If you have questions about any of this feel free to get in touch, even (or especially if) you are not in Berlin, this work is definitely not tied to location!

Looking forward to sharing this journey with you!

Leaving 19 years of KM behind?

Since deciding a few weeks ago to fully evolve into creativity and innovation, I have had a few people ask me about leaving 19 years of knowledge management behind (4 in a full-time position, and 15 as an independent consultant), after-all I’ve written books, chapters, articles, spoken at conferences around the world, and worked with clients on 4 continents. They are surprised, to say the least.

However, I don’t see it as leaving KM behind, I see it as an evolution. The metaphor I’ve used is that instead of dragging my KM box with me, l am standing on that box. It’s here supporting me instead of me carrying it around. It’s a good feeling to stand on that 19 years of experience and knowledge and to be using it to support my next steps.

Productivity, is that all there is?

(this blog post originally appeared on my Missing Puzzle Piece Consulting blog in April 2017, and I expressed similar thoughts in a chapter I wrote for KM Matters, which was published early in 2018. I am reproducing it here, because I will be taking my Missing Puzzle Piece Consulting webpage down, and this content is still relevant.)

We seem to have spent so much time in the last 100+ years trying to drive efficiency and effectiveness into our processes. How to do things faster, with more quality, with better outcomes, reduce waste, reduce re-work. These are not bad things, but in our push to be effective and efficient many of our organisations have removed time for reflection, for questioning, for considering alternatives out of the process.

That’s not to say that there hasn’t been a lot of innovation in the last 100+ years, there most definitely has been. Whole areas of study have been developed/discovered, new technology is being developed all the time, but what about the “smaller” things, everyday things. What happens when we take away the time to think and reflect? We do things by rote, not thinking about if that’s the right thing to do, we get tired and suffer burnout, we start to make mistakes and treat people badly because we have focused on efficiency and effectiveness to the detriment of the system as a whole (see United Airline’s complete failure to respect passengers  (https://fortune.com/2017/04/11/united-airlines-video/ and https://innovationexcellence.com/blog/2017/04/17/innovating-for-a-worse-customer-experience-insights-from-united-airlines/ and https://www.theblaze.com/news/2017/03/27/united-airlines-bars-teens-from-flight-for-failure-to-meet-dress-code-social-media-erupts/)

How do we bring that space for reflection, for some humanity back into our activities? By introducing time. Time for reflection, time for learning, time for asking questions, time for talking to other people, time for doing things differently, time for experimenting. Time.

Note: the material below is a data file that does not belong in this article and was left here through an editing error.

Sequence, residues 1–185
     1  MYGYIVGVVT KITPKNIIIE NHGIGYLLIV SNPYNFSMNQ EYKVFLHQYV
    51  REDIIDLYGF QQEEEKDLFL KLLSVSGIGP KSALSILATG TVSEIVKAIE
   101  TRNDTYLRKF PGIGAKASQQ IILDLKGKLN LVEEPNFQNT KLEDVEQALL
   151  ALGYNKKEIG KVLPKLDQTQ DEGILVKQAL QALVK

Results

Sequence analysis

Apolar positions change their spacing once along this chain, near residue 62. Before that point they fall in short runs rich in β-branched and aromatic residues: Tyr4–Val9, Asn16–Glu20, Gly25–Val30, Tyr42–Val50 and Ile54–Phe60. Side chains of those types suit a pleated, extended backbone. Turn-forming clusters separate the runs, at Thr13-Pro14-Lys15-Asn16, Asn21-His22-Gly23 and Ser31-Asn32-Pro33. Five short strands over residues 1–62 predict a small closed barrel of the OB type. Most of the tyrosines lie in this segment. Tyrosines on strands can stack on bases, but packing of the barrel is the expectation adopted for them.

My path to creativity

In my introduction, last week, when I spoke at the Future Females: Berlin creativity event.  I made a joke about being an accountant and a IT professional and that I was going to talk to them about creativity. I said, “I know what you’re thinking, what is and accountant and IT person going to tell us about creativity?” and really, how does someone who studied accounting and IT come to be doing creativity?!? I mean, really???!!!

You’re going to have to trust me that it is all connected, I don’t want to bore you to death with all the details, but the short answer is, that after having the creativity, figuratively, if not literally, beaten out of me of during years of education, I came to realise how important it is.

I was exhausted and burnt out and a bit bored because I had finished my MBA and didn’t have any hobbies, after-all who has time for hobbies when there is school work to be done. So, I started trying things out: drawing (oooh, this is math, I can do math), photography (oooh, nice to be outside, what happens when I do this with the shutter speed?), rock climbing (hated it, never again), going to the symphony (loved it), painting (ooooooh this is amazing, this one REALLY stuck). As I tried out all these things some of them stuck, and some of them didn’t, but I slowly started to figure out who I was, other than a student. Who I was, when I wasn’t trying to do a “should” or a “supposed to” and it was fantastic. Having these creative outlets helped me be more balanced, to be better at my career, because I thought more critically, and I was more resilient.

I decided a week ago to leave the knowledge management consulting that I had been doing for 15 years behind, and to step fully into the creativity and innovation work that I had been developing over the last 6 years and it feels like, this is it, this is what I am here for, this is what this long, circuitous journey has been about: getting me ready to use all the skills and knowledge I have accumulated along the way to help organisations and people to be more balanced, to use both sides of their brains, to look at things differently if they want different outcomes; to apply artistic practices and principles to all kinds of problems to arrive at better, more balanced, more useful solutions.

I am so excited to be here!